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US Government Mulls Idea of Separate, Secured Internet Domain

Former and current US officials are advocating the creation of a “.secure” network for critical infrastructure that would be isolated from the public Internet. Michael Hayden, CIA director under President George W. Bush, and Gen. Keith Alexander, the US Cyber Command chief, as well as various lawmakers have said that having a heavily-defended domain requiring credentials for access would help keep the federal infrastructure better protected from hackers. “This doesn’t have to be complicated or even mandatory,” Sen. Sheldon Whitehouse, (D-R.I.), chairman of the Senate Judiciary Subcommittee on Crime and Terrorism, said in an address before the Senate in November 2010. “The most important value of a dot-secure domain is that, like dot-gov and dot-mil, now we can satisfy consent under the Fourth Amendment search requirements for the government’s defenses to do their work within that domain, their work of screening for attack signals, botnets and viruses.” (Popular Science)(NextGov)

MIT Spin-Off to Commercialize Direct-Diode Laser

A young company spun off from MIT’s Lincoln Lab says it is ready to commercialize a direct-diode laser system that it claims is brighter, more powerful, and significantly more compact than its peers. TeraDiode bases its technology on semiconductor laser technology, which means the power is supplied by electricity and not chemicals. An optical system is also used by the direct-diode laser for wavelength beam combining, which concentrates several beams of light into a single, more powerful beam. The company has said the technology could be used for industrial cutting and welding, but journalists are keen to point out its potential “for blowing stuff up,” as CNN noted. The company has stated that it is working on compact laser weaponry as a long-term project and is focused on implementing the technology to thwart anti-aircraft missiles. (Popular Science)(CNET)(TeraDiode)

IBM Could Put Watson to Work in Sales

In its move to smarter computing, IBM might use its breakthrough Watson technology internally to help better equip its salespeople to sell its hardware, software, and services. The question-answering supercomputer, which has been put to work answering Jeopardy! questions and in health care thus far, could prove useful  in sales and customer support. IBM says it plans to feed an array of unstructured data -- customer information, market information, and pricing – to Watson that will support its sales efforts. IBM executives have said this project is key because it will demonstrate the company’s confidence in its own technology. (SlashDot)(ExtremeTech)(EWeek)(IBM – Watson)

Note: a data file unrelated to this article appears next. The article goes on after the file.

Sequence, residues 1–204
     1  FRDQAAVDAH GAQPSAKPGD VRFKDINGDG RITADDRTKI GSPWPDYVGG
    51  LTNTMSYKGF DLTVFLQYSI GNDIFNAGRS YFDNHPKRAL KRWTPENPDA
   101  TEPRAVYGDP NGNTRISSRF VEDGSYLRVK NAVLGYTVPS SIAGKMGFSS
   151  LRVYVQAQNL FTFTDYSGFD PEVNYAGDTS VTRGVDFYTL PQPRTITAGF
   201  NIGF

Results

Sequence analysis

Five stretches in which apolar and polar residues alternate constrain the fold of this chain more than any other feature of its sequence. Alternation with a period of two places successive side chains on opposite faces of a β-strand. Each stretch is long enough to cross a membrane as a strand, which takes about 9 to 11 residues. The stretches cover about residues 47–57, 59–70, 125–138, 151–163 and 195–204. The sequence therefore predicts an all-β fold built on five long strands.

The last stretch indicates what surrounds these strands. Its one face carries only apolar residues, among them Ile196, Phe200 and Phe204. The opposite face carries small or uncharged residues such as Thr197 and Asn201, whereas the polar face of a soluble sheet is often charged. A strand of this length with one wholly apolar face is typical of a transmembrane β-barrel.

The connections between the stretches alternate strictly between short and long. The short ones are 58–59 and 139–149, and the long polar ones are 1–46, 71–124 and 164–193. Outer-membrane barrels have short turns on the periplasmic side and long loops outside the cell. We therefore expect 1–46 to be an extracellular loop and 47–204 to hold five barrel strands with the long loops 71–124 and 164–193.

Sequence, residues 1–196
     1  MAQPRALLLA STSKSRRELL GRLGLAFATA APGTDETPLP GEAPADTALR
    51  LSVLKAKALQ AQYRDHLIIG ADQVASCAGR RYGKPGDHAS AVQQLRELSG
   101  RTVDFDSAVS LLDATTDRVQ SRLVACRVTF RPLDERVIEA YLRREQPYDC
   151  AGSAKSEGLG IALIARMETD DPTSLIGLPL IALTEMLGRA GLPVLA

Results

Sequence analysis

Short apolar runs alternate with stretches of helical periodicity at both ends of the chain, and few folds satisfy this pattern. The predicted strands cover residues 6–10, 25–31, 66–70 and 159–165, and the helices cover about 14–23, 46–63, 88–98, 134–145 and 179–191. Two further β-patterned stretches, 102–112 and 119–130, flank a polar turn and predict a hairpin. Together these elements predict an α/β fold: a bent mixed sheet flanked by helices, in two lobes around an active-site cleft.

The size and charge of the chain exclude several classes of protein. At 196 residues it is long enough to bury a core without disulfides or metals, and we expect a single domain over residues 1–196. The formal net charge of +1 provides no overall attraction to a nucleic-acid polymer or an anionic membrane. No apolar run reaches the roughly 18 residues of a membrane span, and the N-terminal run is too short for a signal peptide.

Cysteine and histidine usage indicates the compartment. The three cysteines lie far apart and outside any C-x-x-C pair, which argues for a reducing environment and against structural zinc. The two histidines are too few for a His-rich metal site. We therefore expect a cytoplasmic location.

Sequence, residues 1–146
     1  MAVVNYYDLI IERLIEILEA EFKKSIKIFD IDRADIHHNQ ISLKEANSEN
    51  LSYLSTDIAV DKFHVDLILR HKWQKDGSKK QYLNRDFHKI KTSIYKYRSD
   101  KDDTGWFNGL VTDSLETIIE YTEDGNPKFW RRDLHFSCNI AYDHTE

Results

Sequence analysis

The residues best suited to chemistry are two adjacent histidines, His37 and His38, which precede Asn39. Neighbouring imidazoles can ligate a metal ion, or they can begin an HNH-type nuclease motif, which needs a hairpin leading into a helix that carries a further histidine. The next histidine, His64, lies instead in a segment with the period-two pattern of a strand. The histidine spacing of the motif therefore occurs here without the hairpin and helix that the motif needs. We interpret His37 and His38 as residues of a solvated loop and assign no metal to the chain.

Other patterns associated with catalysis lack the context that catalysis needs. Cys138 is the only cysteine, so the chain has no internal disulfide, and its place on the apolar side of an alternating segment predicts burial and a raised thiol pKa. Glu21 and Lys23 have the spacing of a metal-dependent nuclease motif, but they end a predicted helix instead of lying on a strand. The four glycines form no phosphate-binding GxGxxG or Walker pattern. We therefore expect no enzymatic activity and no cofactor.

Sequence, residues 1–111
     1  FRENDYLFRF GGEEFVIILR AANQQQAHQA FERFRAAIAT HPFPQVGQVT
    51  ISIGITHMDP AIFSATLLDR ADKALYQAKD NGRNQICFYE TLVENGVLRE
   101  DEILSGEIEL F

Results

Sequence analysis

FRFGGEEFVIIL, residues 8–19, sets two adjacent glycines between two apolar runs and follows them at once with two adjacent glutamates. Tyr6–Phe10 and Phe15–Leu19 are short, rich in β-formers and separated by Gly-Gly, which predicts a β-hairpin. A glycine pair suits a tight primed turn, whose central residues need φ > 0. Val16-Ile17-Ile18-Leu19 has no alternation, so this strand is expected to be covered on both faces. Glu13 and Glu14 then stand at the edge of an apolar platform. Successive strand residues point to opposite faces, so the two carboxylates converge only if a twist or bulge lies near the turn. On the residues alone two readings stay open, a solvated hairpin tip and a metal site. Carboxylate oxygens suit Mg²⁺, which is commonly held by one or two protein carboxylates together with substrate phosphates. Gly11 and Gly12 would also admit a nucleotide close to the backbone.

NIST Experiments Promise Quantum Computing Advances

Scientists from the US National Institute of Standards and Technology have demonstrated a technique for steadily calming the vibrations of an object that could have applications in quantum computing. They took a microscopic aluminum drum made of roughly 1 trillion atoms embedded in a superconducting circuit, and then used the pressure of microwave radiation to gradually slow the drum’s motion. In this series of experiments, researchers used sideband cooling on the drum – essentially a mechanical oscillator -- so that it reached a quantum ground state, the lowest energy level possible. The tiny drum could serve as temporary memory in a quantum computer. It could also help in the exploration of other quantum phenomenon as well as to transfer quantum information between microwave and optical components. The research results appear in the journal Nature. (“Sideband cooling of micromechanical motion to the quantum ground state,” Nature.)

US Targets Foreign Website Owners for Extradition on Piracy Charges

The US Immigration and Customs Enforcement agency (ICE), which takes action against overseas websites it believes are breaking US copyrights, is now seeking the extradition of website owners to the US on copyright violation charges, even if they  aren’t violating their own nation’s copyright laws. The agency’s assistant deputy director, Erik Barnett, has stated that neither location nor a direct contact to the US is needed. If the offending website’s address ends in .com or .net, domain names in which global Internet traffic is routed through a Virginia-based company, then those sites determined to be pirating US media can be prosecuted for copyright violation in the US – even if the site is not breaking laws in the nation where it is based. Operation In Our Sites, the agency’s project to prevent online trade in counterfeit goods, has seized 125 websites to date. Various international civil rights and Internet groups have said the US is overreaching. Currently, the US is seeking the extradition of a UK university student who operated a site containing links to pirated content. (The Guardian)(The Telegraph)(The US Department of Homeland Security)

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